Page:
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Gov. Kathy Hochul signs voting rights act into law

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“This is how we celebrate Juneteenth,” Gov. Kathy Hochul said as she signed the John R. Lewis Voting Rights Act of New York.

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On the anniversary of the day slavery officially ended in the United States, in a building named for a man who lost his life because of his fight for civil rights, a bill that seeks to protect voting rights for all that is named for a hero of the civil rights movement became law in New York.

“This is how we celebrate Juneteenth,” said Gov. Kathy Hochul. “We come together and we make changes.”

Hochul signed the John R. Lewis Voting Rights Act of New York at Medgar Evers College in Brooklyn. Lewis was a civil rights activist in the 1960s and went on to serve in the House of Representatives for more than 30 years until his death in 2020. Evers was a civil rights activist who fought for voting rights until he was murdered by a white supremacist in 1963 in Mississippi.

The new state law seeks to protect all eligible voters through protections including:

• Prohibiting enactment or implementation of any voting qualification or prerequisite to voting.

• Prohibiting methods of election that impair a person's ability to elect candidates of their own choosing.

• Requiring jurisdictions with civil or voting rights violations to "preclear" changes to election-related laws and policies

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• Maintaining statewide, electronic public voting and election data.

• Assisting language-minority groups.

Hochul signed the document on Juneteenth, the day enslaved people in Galveston, Texas, learned about their freedom over a century prior. State Sen. Zellnor Myrie, D-Brooklyn, said that same freedom and liberation has been a threat to the power in the country.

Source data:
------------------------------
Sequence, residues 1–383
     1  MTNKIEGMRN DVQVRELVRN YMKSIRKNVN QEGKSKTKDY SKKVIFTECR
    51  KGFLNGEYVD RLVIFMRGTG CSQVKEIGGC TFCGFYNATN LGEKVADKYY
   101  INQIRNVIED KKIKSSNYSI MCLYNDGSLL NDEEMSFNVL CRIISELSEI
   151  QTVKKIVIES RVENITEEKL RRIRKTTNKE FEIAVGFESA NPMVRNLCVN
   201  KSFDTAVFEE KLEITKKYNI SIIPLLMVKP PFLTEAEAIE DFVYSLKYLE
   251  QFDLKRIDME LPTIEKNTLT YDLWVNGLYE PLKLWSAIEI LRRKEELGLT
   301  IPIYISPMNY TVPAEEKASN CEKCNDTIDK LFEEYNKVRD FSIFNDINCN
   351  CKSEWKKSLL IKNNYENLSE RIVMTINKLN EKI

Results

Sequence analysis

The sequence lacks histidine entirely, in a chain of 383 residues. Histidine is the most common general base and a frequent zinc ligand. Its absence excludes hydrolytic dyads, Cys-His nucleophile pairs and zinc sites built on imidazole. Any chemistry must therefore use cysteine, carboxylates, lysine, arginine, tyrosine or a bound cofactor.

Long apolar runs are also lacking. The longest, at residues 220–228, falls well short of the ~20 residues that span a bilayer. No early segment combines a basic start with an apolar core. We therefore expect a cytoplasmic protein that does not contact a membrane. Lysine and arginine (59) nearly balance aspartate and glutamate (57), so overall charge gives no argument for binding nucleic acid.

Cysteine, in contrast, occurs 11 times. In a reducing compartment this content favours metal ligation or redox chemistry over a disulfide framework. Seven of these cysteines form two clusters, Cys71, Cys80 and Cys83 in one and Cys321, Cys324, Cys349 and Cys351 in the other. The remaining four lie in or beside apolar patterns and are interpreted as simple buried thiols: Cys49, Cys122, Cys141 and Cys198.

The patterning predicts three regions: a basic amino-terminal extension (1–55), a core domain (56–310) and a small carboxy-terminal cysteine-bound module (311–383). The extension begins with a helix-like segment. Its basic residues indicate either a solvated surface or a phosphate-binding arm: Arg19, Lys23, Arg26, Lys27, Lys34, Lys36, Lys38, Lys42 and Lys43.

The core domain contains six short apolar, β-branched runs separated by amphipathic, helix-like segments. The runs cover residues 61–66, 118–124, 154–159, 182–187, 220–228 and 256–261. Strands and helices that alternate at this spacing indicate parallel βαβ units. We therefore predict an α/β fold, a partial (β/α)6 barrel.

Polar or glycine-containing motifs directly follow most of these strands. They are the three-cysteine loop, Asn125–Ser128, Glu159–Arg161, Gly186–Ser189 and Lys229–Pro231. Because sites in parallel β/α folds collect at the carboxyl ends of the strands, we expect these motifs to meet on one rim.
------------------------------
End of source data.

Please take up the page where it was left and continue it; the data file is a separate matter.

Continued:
“The only thing that could match the inhumanity and the brutality of human enslavement were the subsequent efforts to keep us in bondage by every other means,” he said.

Voting rights for all Americans came 100 years after slavery ended through the federal Voting Rights Act. In 2013, a Supreme Court decision rolled back some of that law's protections, Myrie said.

“As we gather here today, we’re not just celebrating Juneteenth, we are celebrating our fight back against the attacks on our democracy,” he added.

Assemblywoman Latrice Walker, D-Brooklyn, noted that New York has a history of disenfranchising voters and communities of color, which included literacy tests and property ownership requirements.

“But today is a new day," she said. "We now have legal tools to fight against discriminatory voting practices.”

The act follows a series of moves in recent years that voting rights advocates say make it harder for people to cast a ballot, such as shorter early voting periods and fewer opportunities to vote by mail, Hochul said.

“When Republicans in Washington and state legislatures deny the right to vote and undermine our democracy, we do something here in New York," Senate Majority Leader Andrea Stewart-Cousins said.

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